One of my favorite teachers told me once that he dressed the way that he did — jackets, ties, and other business attire — because he wanted us to know that, while he was our teacher, he was not our friend.

And I thought that made sense. It was his job to advocate for us. To challenge us. To help us be the best we could be. And so he wasn’t our friend. He was our teacher. To keep those ideas separate, he used his dress. I think that’s worth remembering as we move more and more of our work as teachers into online spaces.

One of our many jobs as teachers is to keep a professional separation between who we are and what we do. When we are doing our best, we are presenting ourselves in ways that help to manage that professional distance in thoughtful and productive ways.

In social networks, this looks like being present, being thoughtful, and being intentional in the ways that we use those spaces to promote what we think is essential — ways that do not confuse our teacherness and our friendness and help our students understand the difference between the two.

I made a choice as I moved forward in working with and building online spaces for teaching and learning that I wouldn’t friend current students on Facebook. My wife, a high school language arts teacher, has adopted a rule that I think is a fine standard. She does not friend students until they graduate from high school.

Facebook is not her primary online space for interacting with students. She has created course spaces where students and she engage in course-related conversation and content. And she maintains a professional presence in her personal Facebook account. That’s a good thing. Graduates who choose to continue the relationship past their time in high school find much the same person that they found in the classroom. And those students talk with her, mostly, about the same things that they would have in their school spaces.

She is never not a teacher, though.

I’d encourage you to do the same. Wherever you are as a person and as a professional, you are still a teacher. It’s a high calling that we’ve gone after. Whenever and wherever you are, seek to model the best of your professional and personal self. Keep a sense of professional distance.

A professional persona

Professional distance doesn’t mean be a heartless, soulless automaton. Certainly, care and love and concern for the young people in our work is paramount. But it does mean be intentional and purposeful about the ways that you present yourself, wherever you may happen to be.

Some teachers don’t like this advice. “But I can’t have a beer?” they respond. That’s not what I’m saying, and such responses usually indicate that folks have missed my point. By all means, be the self you are. But if you’re representing your personal self as someone overly concerned by things that have no place in your classroom, then perhaps that personal self needs to make a change or two.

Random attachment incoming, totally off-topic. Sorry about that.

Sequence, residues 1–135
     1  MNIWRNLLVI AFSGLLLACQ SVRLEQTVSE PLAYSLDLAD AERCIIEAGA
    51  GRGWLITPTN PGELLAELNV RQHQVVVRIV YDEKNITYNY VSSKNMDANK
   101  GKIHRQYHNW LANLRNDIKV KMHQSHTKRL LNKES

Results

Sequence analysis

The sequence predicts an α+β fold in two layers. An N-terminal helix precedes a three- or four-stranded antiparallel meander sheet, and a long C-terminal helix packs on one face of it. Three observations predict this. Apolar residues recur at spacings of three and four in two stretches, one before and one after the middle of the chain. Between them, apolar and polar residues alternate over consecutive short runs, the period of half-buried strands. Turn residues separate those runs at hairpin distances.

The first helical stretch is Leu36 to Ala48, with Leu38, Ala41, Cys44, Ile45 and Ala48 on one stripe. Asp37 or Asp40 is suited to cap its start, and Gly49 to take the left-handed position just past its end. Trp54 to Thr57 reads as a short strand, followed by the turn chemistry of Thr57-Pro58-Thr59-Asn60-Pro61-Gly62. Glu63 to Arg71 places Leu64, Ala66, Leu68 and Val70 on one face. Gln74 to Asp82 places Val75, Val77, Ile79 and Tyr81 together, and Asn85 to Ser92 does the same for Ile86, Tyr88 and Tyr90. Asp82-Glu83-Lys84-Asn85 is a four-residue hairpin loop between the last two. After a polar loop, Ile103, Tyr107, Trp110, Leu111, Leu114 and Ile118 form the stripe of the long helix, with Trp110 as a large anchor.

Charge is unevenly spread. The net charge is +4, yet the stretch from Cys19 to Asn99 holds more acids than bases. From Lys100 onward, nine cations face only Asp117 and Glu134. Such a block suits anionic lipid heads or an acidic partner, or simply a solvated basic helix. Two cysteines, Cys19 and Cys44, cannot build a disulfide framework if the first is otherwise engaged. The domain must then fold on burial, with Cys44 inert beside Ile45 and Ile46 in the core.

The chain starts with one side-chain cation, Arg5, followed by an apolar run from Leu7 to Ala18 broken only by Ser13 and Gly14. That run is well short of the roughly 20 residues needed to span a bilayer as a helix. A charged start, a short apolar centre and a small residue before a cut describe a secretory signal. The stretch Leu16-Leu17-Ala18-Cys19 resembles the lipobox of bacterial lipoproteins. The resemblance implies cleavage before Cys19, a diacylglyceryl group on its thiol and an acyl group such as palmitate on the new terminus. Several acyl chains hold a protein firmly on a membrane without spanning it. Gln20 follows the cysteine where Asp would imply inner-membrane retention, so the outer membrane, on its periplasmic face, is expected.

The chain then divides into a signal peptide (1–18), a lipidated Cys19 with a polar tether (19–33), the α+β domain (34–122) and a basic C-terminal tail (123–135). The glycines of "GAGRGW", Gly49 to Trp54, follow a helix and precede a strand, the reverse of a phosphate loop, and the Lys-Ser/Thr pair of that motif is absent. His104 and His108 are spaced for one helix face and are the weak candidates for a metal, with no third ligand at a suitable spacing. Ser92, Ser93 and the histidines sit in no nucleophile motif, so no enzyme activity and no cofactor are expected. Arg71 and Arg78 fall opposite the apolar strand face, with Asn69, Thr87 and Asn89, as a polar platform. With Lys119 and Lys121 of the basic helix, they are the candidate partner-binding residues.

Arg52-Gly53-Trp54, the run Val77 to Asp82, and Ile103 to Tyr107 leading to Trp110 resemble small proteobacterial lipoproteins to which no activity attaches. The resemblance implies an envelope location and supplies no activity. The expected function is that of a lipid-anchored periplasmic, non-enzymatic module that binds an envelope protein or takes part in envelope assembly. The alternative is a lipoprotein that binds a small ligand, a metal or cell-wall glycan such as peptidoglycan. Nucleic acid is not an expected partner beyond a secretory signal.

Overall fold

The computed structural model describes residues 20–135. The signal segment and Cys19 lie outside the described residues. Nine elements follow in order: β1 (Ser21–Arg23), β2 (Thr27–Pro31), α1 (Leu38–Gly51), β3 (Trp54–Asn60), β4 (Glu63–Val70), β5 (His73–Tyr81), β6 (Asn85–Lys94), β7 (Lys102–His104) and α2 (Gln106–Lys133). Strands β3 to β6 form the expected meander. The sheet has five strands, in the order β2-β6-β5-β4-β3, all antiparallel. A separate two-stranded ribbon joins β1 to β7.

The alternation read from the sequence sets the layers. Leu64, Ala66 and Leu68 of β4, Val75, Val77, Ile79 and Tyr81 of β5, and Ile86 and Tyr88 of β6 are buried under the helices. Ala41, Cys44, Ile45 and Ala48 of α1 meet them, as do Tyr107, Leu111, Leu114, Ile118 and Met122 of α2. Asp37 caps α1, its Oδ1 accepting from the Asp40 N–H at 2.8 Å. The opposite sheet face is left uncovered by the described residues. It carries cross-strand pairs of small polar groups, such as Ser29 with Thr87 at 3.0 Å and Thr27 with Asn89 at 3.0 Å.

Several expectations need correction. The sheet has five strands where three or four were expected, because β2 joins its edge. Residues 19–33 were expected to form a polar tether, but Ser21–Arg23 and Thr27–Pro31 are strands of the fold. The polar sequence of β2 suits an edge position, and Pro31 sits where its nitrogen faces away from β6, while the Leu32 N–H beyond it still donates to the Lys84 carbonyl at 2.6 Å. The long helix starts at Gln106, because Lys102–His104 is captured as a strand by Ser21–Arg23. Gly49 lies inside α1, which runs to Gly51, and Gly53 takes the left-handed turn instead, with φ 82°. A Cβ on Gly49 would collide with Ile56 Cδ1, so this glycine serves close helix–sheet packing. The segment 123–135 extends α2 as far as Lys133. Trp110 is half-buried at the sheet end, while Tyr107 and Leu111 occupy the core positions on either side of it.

I’ve written before that if you’re unhappy with the public knowing what you’re up to as a public school educator, then perhaps you should work to be a better you. We are all in the process of becoming the persona we’ve set for ourselves. Learning is a stance. We are always moving in a direction of being better.

But we should also be moving on purpose towards the types of relationships and stances that we think we should be modeling and developing. I don’t like the idea of overly prescriptive social media policies. I think that teachers, like other professionals, should work from broad ideas of ethics and responsibilities and make choices that make sense in their communities, contexts and climates. But that means that it’s up to us to act responsibly and properly. To not wait until we find ourselves in bad situations to act. And to be sure that we’re looking after our students wherever we might happen to find them.

For the same reason that I set boundaries in my face to face interactions with students, I maintain some sense of professional separation in online spaces. I’d encourage you to consider carefully you and your community’s comfort as you intentionally choose the public faces of your online self. And, whatever you decide, please communicate it to the students and families in your care. Make sure your administrators know what — and where and how — you’re doing.

Identity construction and relationships are complicated stuff. Tread carefully and on purpose.

About the author
Bud Hunt is an instructional technologist for the St. Vrain Valley School District in northern Colorado. Formerly a language arts and journalism teacher, Bud is a teacher-consultant with the Colorado State University Writing Project, part of the National Writing Project. A co-founder of Learning 2.0: A Colorado Conversation, Bud reads, writes and worries about the future of education at his blog Bud The Teacher and on Twitter at @budtheteacher. He also writes at the Denver Art Museum blog.